What turns Laura on?

What turns me on his helping people. I love to help others! I am often asked
how to break into ghostwriting, so I recently expanded my business to offer
coaching. I not only coach on writing, but on the business end.

I want to encourage writers to write!

For more information about Laura, her services, her upcoming books and PANDAS, click on the links throughout the text. 

www.LauraSherman.com
Facebook: http://www.facebook.com/chessischildsplay
Linkedin: http://www.linkedin.com/in/laurasherman

Saturday, October 22, 2011

Hoover Dam Stories: Johnny-behind-the-Rock


In 1931, with the country in the midst of an unprecedented economic disaster, tens of thousands of Americans made their way to the Nevada desert to seek employment on the biggest government project of the day--the Hoover Dam.  While most made their homes along the highway between the jobsite and the small railroad community of Las Vegas, forty miles away, the most desperate never made it beyond Hemenway Wash on the banks of the Colorado River.  This area was officially known as Williamsville, named for the U.S. Marshall who became the overseer of the tent community.  To the residents, it was known as Ragtown. 

It is hard to imagine how hard life was for the residents.  Initially, approximately five hundred men were hired from the multitude that had descended on the area, leaving the majority to starve in the desert.  Starve, that is, if they survived the black widows, rattlesnakes, scorpions and centipedes, not to mention the bouts of dysentery experienced from lack of clean drinking water and, of course, the heat related illnesses and deaths. 

The lucky ones had tents, but many lived under whatever form of shelter they could find: a cardboard box, a sheet strung between trees, a ply board lean-to or just openly in the desert.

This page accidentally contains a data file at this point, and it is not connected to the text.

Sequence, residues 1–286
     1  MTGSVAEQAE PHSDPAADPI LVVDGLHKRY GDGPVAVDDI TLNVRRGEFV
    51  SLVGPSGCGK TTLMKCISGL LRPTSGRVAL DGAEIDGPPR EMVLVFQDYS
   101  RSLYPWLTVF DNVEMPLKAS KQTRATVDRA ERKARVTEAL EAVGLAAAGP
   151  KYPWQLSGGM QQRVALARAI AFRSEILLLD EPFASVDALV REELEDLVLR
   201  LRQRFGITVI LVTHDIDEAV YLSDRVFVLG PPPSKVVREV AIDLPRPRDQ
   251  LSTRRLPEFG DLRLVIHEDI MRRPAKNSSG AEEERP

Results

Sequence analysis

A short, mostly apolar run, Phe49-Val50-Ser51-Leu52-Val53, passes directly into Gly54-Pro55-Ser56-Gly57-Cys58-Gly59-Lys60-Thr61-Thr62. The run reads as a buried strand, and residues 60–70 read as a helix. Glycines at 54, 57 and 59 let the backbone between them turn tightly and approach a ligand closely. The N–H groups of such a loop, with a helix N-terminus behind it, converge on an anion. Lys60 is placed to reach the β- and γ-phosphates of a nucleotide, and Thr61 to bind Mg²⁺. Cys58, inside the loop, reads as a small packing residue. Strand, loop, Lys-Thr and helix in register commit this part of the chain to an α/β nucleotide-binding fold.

RAGTOWN FAMILY
According to previous residents of Ragtown, there was a man named Johnny who lived behind a large boulder.  He was too old, they say, to be employed at the dam and he was alone in the desert.  He had nothing more than the clothes he wore and he rarely spoke to anyone.  He survived on the generosity of others.  His back story is a mystery.

During the day, as the sun moved across the sky, Johnny moved behind his boulder, finding the shady spot to sit in.  That became his life: living in the desert, no chance of getting work, sleeping behind a rock, no family, no clothes--nothing.  The residents called him Johnny-behind-the-Rock.  There is no official record of the man, and there is no account of what happened to him when Ragtown was cleared out by the government.  

I’m not sure that many of us today can even imagine that kind of life.  We think the world is against us if our cell phones don’t work, or if the electric bill is too high.  For just a moment, consider having no family, no friends, no job, one pair of clothes and a big rock to call your home.  Sadly, Johnny was one of thousands.

When I began writing my historical novel, Ragtown, I felt it important to breathe life into some of the minor characters that inhabited the area.  I wanted readers to see the individual struggles, the desperation and the horrors that many of these people experienced, just trying to survive.  Although I couldn’t possibly include all of the stories that came out of Ragtown, I am happy to say that Johnny-behind-the-Rock’s did make the cut.

Saturday, October 15, 2011

Hoover Dam Stories: It Takes a Village